The first 400 feet of stream is a put-and-take fishery. Below that is a mile of catch and release (artificial lures only) stream. I fished the upper section, hoping to take home some trout (five trout limit).
To reach the area, park at the visitor center (unless you have a handicap tag). Walk between the Visitor Center and the Hatchery Building, then walk left around a bend and down the hill. It’s a couple hundred yards from the parking area to the fishing area, though bikes are allowed. The road is paved, and the trail system is covered in gravel. As you can see from the pictures on this page, the stream is about 15 feet wide, and appears to be up to five or six feet deep, with boulders and chutes. The entire bank of this upper section is covered in gravel, save for a concrete section which allows access for wheelchairs or others who have mobility issues. There are picnic tables and a couple of shelters. It is a nice, park-like setting.
The interesting fact for me was that this little stream is heavily stocked with a variety of trout, including some very large fish. They are quite visible. Unfortunately, they can see you as well. And they have seen everything from anglers, all day long, every day. These are smart trout, and hard to catch.
I fished for three hours, and threw probably 15 different lures, organic baits, nightcrawlers, canned corn…I tried everything. A few hits, no fish. There were probably 20 other anglers there, and I’d say five of those caught fish while I was there. A couple of them strolled in, dropped a line, and pulled out their five fish limit in a few minutes. the rest of us tried everything, but saw no results. Red Salmon eggs seemed to be the bait of choice. I found a few on the ground, and hooked them on a small hook, no weight, drifting them in the current. The hits that I did have came from this method, but I couldn’t get a connection. A teenage boy was throwing a hot pink, 2-inch powerbait worm, wacky-rigged (hook through the middle of the worm). He fished for about an hour, and eventually did catch a nice 14-15 inch brown trout.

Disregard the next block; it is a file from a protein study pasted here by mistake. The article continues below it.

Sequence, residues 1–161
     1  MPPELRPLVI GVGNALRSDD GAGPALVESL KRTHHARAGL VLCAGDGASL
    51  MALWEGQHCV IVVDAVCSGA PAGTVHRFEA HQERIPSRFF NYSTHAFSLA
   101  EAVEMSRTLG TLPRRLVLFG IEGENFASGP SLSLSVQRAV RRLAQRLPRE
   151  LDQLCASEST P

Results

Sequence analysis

I didn’t venture to the catch and release area. No organic baits are allowed; that would have meant hiking back to the car, unloading the power bait and nightcrawlers, then hiking back. I was trying to catch dinner, so my focus was on reeling in a nice fish or two to keep. It appeared to be a very nice area, with naturalized banks, boulders, and deep holes.
Hatchery Creek is a neat concept, and challenging, even though you step right up to huge numbers of nice fish. If you happen to be in the State Dock/Jamestown area of Cumberland, it is about 5 minutes from the turn toward Lake Cumberland State Park off 127.